We anticipate up to two months to prepare a project specification and secure the right project team, a further four months for design, two months for UX testing, three months for data migration and implementation, and one month for adjustments. We recommend a period of up to 12 months for the final launch.
Please see appendix a for a Gantt chart which breaks down a comprehensive project timeline
Budget: We anticipate that we require additional investment beyond our initial departmental budget to manage the seamless overhaul of our new retail website.
- Potential issue: Data loss during the transition to the new eCommerce platform
- Mitigation: Involve the IT department to create a replica of the existing site, held securely in the cloud. To involve disaster recovery drills to ensure that data is retrievable in the event of a loss
Responsibilities: These are the individuals who will be working on the campaign and their core responsibilities
- Project lead: Jane Bloggs
- Briefing development team/point of contact for external suppliers: Jane, Jessica and Steve
- Identify new brand guidelines: David
- Secure copywriters, PR teams and photographers: Rachel
- Data research and UX testing: External team to be appointed
- SEO and PPC: Rachel
- To increase the website traffic by 45% over the next six months.
- To implement a cohesive and aggressive PPC campaign to improve new users and to use UX testing to retain users, and convert to paying customers
- To use data and CRO strategies to improve retail sales
- To implement targeted, google adverts and PPC to showcase key products (main revenue drivers)
- Work with a named brand ambassador to show how different products can be used
- Increase social media output and generate engagement with followers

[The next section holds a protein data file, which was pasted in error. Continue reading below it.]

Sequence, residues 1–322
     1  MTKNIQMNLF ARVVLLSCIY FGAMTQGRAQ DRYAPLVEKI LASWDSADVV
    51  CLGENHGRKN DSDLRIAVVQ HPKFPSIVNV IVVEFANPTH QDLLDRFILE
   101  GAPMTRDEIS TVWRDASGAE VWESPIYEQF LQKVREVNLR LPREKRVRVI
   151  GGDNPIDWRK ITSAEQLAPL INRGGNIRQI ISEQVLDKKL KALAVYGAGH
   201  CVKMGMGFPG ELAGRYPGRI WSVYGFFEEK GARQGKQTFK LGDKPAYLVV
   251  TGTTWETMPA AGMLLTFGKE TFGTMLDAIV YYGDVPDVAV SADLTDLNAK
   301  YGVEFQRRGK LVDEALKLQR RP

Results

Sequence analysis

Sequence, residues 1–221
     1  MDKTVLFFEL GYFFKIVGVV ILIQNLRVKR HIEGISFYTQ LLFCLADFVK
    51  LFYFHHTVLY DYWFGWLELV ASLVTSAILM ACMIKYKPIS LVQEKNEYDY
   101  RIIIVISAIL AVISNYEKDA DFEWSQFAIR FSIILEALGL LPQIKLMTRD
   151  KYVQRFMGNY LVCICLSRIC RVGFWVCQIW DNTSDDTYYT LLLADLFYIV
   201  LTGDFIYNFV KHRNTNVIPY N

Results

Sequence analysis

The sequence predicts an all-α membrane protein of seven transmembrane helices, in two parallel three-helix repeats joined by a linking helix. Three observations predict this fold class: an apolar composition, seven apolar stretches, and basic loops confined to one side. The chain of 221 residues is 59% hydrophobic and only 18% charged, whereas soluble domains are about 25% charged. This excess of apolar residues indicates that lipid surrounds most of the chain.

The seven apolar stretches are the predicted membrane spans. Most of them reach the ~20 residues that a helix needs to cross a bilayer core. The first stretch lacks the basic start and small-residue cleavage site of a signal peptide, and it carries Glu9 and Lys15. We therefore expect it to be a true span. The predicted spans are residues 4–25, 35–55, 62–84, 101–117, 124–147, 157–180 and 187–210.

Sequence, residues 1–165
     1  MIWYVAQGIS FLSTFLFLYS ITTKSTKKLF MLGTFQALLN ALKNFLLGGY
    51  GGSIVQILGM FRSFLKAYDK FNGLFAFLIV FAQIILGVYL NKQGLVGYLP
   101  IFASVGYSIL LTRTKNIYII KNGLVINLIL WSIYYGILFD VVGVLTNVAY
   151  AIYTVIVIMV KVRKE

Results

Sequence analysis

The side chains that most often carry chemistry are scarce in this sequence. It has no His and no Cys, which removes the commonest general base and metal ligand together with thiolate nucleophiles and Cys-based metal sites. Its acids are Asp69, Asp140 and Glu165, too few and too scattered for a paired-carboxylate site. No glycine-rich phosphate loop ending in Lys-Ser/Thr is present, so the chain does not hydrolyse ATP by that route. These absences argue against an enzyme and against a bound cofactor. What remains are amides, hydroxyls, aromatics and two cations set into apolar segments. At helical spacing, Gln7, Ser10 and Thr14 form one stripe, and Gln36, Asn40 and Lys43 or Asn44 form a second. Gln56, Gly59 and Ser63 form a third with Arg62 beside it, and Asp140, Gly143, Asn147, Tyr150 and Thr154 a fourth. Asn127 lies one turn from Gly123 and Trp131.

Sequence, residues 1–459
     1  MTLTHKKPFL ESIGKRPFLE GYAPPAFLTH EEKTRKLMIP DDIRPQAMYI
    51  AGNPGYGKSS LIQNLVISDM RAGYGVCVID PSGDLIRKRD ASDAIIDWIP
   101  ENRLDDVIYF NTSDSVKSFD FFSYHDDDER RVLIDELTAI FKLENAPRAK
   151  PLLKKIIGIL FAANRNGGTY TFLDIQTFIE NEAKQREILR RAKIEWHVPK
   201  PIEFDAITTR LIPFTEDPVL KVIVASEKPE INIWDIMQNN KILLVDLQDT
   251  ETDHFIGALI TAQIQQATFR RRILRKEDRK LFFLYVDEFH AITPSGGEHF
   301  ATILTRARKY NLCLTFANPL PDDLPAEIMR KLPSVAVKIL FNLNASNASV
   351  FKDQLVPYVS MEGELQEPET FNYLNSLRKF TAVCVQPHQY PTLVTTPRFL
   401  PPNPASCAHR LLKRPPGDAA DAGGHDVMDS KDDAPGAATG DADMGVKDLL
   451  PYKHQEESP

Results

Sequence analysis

Your work plan should be both an overview and an evolving document.
The work plan is something that can be used in two distinct ways:
First, as a project plan to show to management to secure sign-off and budget confirmation for a task that you want to undertake.
Second, it should also be a flexible document that allows you to see what needs to be done, who by and when.
By outlining key responsibilities and tasks, your work plan becomes a project management tool that allows you to see if you are working on time and budget.
It allows you to track your milestones and identify what is working well, and where you need to make improvements.
It should provide a clear vision of what work has already been done (and its impact), as well as what work is still needed, and how this work will directly impact your business's bottom line.
With this dual-purpose, your work plan must be written with as much detail as possible. It should be insightful enough that anyone can look at it to see what you are trying to achieve and why, as well as how you plan to get it done.
This article should give you plenty of insight into what you need to include on a work plan template, and how to write a comprehensive work plan.